/write_acl/write_owner:deny
       5:everyone@:read_data/read_xattr/read_attributes/read_acl/synchronize
            :allow

     Example 18 Replacing a Specific POSIX-draft  ACL  on  a  UFS
     File

     Consider the following ACL.

SunOS 5.11          Last change: 11 Dec 2008                   27


User Commands                                            chmod(1)

       $ ls -v file.4
       -rw-r--r--+  1 marks    staff          0 Oct  9 16:21 file.4
               0:user::rw-
               1:user:lp:rwx         #effective:r--
               2:group::r--          #effective:r--
               3:mask:r--
               4:other:r--

     Now, change the permission on lp from rwx to r--:

       $ chmod A1=user:lp:r-- file.4

       $ ls -v file
       -rw-r--r--+  1 marks    staff          0 Oct  9 16:21 file.4
               0:user::rw-
               1:user:lp:r--         #effective:r--
               2:group::r--          #effective:r--
               3:mask:r--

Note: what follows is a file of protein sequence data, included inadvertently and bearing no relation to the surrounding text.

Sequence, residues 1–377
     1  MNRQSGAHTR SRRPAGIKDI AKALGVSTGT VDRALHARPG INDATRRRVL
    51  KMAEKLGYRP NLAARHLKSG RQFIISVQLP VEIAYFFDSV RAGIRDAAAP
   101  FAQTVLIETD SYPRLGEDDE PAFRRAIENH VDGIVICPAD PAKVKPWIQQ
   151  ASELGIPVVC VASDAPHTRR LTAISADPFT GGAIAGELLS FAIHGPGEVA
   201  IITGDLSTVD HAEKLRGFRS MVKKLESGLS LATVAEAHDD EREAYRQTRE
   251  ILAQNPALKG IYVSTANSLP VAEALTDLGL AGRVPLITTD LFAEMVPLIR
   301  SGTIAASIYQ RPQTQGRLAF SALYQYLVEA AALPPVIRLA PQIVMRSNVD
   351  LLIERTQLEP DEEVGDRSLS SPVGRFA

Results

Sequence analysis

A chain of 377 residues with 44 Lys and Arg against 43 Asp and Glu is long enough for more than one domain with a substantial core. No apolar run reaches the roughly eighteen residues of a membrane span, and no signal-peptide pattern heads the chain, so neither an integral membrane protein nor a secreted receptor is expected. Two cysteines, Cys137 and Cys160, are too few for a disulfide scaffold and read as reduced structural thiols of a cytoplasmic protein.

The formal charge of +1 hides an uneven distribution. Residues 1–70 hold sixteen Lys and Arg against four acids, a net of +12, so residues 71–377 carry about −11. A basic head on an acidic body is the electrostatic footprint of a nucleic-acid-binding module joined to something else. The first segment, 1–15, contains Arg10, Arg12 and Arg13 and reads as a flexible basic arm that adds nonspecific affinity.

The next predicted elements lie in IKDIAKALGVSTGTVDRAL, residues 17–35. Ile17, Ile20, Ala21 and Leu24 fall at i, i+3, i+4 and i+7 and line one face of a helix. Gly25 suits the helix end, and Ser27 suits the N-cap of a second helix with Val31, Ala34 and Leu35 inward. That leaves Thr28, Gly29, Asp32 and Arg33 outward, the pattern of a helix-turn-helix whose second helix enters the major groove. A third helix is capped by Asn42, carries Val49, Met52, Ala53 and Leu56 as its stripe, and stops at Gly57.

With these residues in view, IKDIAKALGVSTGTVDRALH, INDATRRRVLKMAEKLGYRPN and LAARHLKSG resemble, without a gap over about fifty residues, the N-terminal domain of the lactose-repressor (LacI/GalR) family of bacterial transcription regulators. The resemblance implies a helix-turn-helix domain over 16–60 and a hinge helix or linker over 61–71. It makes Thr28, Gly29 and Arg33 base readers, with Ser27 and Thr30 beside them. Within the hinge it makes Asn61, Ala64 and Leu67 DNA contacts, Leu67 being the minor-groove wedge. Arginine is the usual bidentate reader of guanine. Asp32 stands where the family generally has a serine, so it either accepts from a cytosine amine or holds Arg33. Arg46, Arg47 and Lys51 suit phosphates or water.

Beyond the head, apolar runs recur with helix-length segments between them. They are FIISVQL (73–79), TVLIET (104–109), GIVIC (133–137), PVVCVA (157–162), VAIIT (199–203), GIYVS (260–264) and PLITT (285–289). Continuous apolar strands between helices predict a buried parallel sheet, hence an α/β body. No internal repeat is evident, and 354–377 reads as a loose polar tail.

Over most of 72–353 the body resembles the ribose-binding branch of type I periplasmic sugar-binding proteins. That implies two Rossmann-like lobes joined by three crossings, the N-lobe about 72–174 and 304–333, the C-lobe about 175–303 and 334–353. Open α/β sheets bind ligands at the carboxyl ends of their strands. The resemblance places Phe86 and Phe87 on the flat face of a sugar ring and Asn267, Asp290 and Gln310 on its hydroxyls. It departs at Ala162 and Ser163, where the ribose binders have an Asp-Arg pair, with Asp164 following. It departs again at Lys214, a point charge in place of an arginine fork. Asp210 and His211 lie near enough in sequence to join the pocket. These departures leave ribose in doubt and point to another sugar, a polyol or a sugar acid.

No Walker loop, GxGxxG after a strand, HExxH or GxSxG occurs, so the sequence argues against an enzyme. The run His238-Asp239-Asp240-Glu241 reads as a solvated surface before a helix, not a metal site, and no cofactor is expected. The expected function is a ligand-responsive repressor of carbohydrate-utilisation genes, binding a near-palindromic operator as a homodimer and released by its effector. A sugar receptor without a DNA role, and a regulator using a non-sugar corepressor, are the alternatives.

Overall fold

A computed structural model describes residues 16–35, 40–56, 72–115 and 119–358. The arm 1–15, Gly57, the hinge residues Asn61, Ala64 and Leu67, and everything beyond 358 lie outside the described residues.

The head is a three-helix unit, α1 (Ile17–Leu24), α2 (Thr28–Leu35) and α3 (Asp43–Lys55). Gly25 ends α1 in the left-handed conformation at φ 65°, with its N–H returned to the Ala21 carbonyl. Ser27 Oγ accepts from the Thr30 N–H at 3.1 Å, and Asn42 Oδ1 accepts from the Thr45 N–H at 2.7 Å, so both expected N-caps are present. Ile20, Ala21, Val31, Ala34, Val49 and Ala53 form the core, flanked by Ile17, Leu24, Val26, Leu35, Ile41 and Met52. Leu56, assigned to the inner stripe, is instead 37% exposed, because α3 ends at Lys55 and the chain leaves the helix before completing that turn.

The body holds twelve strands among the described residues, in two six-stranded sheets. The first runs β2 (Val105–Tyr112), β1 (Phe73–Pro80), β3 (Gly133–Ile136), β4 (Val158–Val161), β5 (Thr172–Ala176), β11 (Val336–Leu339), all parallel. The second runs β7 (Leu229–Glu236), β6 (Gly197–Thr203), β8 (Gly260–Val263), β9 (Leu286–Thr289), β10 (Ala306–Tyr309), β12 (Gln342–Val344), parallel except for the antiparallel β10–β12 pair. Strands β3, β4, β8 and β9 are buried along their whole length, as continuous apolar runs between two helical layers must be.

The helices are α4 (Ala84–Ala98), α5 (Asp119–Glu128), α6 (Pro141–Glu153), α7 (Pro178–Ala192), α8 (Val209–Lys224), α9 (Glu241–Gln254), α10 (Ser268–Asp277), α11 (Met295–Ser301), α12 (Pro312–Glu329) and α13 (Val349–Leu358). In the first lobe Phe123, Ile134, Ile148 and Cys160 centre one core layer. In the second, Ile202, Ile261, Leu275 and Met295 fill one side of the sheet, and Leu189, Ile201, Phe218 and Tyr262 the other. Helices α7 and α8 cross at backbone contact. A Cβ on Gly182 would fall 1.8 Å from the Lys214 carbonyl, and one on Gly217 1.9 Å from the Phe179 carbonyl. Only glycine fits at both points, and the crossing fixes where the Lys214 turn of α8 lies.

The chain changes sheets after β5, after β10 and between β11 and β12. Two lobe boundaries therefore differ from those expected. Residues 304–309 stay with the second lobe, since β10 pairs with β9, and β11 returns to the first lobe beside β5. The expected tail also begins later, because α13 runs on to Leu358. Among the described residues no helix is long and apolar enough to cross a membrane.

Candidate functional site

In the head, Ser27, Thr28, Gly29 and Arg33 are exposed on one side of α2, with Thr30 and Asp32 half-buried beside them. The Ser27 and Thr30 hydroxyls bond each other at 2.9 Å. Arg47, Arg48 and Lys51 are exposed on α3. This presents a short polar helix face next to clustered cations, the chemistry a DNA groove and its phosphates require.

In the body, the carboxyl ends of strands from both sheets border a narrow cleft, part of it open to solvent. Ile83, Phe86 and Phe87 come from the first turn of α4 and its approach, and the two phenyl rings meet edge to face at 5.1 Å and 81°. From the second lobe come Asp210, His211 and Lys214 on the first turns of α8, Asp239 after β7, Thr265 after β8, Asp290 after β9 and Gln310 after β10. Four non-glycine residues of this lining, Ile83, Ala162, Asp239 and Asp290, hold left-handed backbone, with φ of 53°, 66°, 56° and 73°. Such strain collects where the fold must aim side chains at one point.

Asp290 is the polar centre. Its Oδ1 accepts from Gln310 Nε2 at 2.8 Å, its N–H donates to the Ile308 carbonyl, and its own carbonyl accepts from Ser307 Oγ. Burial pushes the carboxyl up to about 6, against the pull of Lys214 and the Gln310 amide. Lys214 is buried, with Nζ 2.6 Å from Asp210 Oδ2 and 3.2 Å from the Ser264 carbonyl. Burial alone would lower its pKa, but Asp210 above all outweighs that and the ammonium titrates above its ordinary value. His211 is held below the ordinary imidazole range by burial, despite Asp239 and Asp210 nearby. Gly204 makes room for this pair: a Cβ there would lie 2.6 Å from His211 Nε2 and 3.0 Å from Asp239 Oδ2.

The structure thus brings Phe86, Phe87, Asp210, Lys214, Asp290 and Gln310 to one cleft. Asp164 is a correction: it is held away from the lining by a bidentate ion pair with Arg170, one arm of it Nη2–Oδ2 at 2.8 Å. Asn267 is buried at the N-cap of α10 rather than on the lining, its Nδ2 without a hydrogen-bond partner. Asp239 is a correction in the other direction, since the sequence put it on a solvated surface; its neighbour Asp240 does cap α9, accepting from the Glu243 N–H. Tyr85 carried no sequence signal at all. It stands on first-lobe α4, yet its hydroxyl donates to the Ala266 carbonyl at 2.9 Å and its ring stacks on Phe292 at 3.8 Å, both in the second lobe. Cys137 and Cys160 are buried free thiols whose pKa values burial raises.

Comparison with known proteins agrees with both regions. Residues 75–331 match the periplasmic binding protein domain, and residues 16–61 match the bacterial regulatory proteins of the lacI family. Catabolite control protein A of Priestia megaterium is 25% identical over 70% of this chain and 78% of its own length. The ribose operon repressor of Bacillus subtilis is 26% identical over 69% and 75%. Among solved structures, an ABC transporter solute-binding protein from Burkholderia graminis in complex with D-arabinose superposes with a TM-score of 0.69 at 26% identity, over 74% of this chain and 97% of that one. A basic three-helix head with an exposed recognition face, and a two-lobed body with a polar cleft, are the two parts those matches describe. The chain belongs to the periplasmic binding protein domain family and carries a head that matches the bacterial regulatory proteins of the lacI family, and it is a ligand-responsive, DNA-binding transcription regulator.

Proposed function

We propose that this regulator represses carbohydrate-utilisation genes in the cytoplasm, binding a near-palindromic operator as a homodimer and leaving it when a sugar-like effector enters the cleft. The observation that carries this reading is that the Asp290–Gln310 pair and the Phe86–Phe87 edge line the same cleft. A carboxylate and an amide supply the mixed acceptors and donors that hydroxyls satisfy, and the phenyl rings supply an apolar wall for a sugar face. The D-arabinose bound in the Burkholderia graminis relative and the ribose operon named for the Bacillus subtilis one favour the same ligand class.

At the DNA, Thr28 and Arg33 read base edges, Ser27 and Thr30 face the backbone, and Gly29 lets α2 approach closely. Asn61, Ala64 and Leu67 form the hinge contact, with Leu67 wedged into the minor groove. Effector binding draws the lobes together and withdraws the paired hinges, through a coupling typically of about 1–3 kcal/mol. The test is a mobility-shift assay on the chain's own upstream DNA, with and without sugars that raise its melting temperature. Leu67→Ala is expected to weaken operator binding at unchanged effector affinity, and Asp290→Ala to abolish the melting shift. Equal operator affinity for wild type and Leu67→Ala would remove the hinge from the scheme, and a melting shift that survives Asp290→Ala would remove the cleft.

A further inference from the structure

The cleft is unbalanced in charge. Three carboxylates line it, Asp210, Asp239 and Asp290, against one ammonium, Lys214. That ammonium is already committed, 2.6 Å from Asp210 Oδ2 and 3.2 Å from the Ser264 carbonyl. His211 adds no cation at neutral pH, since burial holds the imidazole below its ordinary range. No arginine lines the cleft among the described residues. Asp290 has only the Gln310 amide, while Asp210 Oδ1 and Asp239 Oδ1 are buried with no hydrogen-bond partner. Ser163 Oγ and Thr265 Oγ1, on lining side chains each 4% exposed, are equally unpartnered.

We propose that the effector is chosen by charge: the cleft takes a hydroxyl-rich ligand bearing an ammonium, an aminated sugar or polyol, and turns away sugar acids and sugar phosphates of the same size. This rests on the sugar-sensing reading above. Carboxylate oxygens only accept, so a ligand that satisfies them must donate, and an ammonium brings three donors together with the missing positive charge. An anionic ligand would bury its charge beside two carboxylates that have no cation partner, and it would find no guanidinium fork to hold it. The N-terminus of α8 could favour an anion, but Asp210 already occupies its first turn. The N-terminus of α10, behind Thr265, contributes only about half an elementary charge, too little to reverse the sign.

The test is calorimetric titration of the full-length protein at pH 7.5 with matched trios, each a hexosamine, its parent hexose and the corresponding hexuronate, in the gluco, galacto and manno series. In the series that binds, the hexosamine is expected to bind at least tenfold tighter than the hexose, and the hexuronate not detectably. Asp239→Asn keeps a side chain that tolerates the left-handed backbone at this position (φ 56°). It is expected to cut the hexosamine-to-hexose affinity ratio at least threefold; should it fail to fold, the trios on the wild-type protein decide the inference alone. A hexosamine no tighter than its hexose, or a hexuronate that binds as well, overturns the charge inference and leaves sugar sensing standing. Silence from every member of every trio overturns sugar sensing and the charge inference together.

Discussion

4:other:r--

     Example 19 Setting ACL Inheritance Flags on a ZFS File

     You can only set inheritance flags on ZFS files.  When  set-
     ting  ACLs  on directories, several inheritance flags can be
     optionally set.

     Suppose you have an ACL entry for user lp that you  want  to
     be  inherited  to newly created files in a directory. First,
     you need to create an inheritable ACL entry  on  the  direc-
     tory:

       $ chmod A+user:lp:read_data:file_inherit:allow test.dir
       $ ls -dv test.dir
       drwxr-xr-x+  2 marks   staff          2 Aug 23 09:08 test.dir/
       0:user:lp:read_data:file_inherit:allow
       1:owner@::deny
       2:owner@:list_directory/read_data/add_file/write_data/add_subdirectory
            /append_data/write_xattr/execute/write_attributes/write_acl
            /write_owner:allow
       3:group@:add_file/write_data/add_subdirectory/append_data:deny
       4:group@:list_directory/read_data/execute:allow
       5:everyone@:add_file/write_data/add_subdirectory/append_data/write_xattr

SunOS 5.11          Last change: 11 Dec 2008                   28


User Commands                                            chmod(1)